It takes practice, but 'reframing' a situation can work

By Susan Anderson-Khleif

Reframing is about looking at a problem or situation from a different and more positive perspective. It's a technique or method often used in family counseling.

This technique is also used in the counseling one may receive for all the problems we face after the death of a dear one.

Actually, there are certain sayings in folk wisdom that reflect this idea. We've all heard them:

• "If life gives you lemons, make lemonade."

• "Turn a failure into an opportunity."

And my dear Baheej used to rely on an old Nazareth folk saying when a problem arose: "Don't hate it; it might turn out for the best."

Basically, it is the idea that a problem also contains the opportunity for something better.

Obviously, how we respond to adversity has a lot to do with shaping the outcome. I've experienced this in my own life. I think such situations confront most people during their careers or family life - or when they face emotional situations.

This all came to my attention during a recent conversation with my sister, Mary. We were, for some reason, commiserating about our various health problems. Not a good idea, but we were doing it anyway. And I said, "Well, at least we are comfortable in our nice homes with our sweet pets."

She responded that Asher would say "Good reframe." Asher is her son who is a family counselor.

This exchange got me interested in the concept of reframing and how healthy it can be for our spiritual health.

So I looked it up and indeed it means redefining a problem from a different point of view, from a different and more positive perspective. It's probably used in counseling because sometimes we need an outsider or friend to help us change perspective. However, sometimes we can do this ourselves - change perspective.

There is a sociological concept/dynamic called "the definition of the situation." It means that how we see and interpret a situation affects our behavior and causes it to become true, and happen (W.I. Thomas). It's one of the key ideas in a branch of sociology called Symbolic Interaction.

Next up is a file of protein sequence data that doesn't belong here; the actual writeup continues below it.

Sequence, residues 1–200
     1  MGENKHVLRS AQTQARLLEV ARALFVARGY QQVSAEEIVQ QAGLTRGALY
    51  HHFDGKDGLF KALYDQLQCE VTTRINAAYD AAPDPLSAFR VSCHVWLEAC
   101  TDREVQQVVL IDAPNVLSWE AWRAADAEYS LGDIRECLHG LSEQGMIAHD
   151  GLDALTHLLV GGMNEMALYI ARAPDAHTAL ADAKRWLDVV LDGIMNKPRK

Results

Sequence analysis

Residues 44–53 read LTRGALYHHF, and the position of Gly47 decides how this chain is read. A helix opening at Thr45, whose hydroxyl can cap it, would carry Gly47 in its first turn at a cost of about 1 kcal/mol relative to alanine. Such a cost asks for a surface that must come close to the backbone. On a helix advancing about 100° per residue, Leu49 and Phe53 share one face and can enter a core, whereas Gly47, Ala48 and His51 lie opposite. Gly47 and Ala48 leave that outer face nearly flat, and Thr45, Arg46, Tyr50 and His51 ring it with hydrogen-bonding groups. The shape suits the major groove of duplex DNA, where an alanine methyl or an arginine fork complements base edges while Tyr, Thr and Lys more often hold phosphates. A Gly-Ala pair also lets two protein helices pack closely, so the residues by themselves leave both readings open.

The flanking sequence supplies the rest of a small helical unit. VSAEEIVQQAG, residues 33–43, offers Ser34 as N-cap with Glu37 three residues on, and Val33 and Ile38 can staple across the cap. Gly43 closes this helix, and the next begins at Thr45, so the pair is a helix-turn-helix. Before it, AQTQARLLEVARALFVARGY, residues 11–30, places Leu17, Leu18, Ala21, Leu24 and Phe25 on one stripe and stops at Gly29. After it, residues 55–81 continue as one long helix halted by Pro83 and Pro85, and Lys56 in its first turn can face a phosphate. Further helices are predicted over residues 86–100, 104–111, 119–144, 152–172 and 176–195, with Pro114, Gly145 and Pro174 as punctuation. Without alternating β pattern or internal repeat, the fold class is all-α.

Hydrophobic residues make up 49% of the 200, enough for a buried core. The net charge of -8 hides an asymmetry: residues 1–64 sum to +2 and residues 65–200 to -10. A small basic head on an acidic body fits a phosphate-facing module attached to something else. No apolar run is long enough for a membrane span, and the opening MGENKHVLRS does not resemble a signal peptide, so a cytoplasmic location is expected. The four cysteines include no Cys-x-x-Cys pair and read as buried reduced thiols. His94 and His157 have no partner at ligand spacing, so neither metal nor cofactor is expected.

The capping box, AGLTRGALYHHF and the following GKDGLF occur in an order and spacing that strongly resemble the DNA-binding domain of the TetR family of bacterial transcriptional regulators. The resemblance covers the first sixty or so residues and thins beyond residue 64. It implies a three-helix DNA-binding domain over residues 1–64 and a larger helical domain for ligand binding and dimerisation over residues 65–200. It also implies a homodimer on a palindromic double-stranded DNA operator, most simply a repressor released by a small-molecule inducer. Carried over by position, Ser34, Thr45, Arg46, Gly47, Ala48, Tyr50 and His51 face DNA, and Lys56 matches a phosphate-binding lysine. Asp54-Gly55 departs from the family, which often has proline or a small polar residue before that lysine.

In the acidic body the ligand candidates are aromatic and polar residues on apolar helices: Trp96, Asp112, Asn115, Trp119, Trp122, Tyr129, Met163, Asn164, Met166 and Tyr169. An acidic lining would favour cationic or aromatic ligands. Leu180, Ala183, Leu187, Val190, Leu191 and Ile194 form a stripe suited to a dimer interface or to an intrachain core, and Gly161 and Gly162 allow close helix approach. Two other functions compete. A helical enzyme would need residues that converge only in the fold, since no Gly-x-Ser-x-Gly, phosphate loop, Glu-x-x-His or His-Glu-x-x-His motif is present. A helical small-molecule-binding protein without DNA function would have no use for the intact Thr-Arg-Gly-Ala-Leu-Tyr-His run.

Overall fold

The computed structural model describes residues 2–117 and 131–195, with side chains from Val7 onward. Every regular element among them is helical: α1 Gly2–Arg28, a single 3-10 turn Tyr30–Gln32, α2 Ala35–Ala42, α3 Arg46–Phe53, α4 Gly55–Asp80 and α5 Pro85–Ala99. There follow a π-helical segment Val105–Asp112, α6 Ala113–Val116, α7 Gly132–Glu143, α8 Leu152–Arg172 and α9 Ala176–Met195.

Thomas, one of the early socialists, wrote in 1928: "If men define situations as real, they are real in their consequences."

A situation is a social context in which one finds oneself. A job, a party, a new community, a new school, a widow - just examples. The definition causes action or feelings and is affected by the subjective perception of the situation. It's a fusing of psychological and sociological underpinnings.

Asher, my nephew, points out that any situation has many aspects, and reframing part of it helps give a more wholistic perspective. So true.

It seems to me that "reframing" is the need for a new "definition of the situation." So in many ways it's in our own hands.

The point is: Reframing can be another tool in our array of coping mechanisms. It's not just a matter of positive thinking - although that certainly is part of it. It means truly getting or adopting a different viewpoint or perspective on the problem.

It takes a little practice yet, in my experience, it works.

• Susan Anderson-Khleif of Sleepy Hollow has a doctorate in family sociology from Harvard, taught at Wellesley College and is a retired Motorola executive. Contact her at or see her blog See previous columns at

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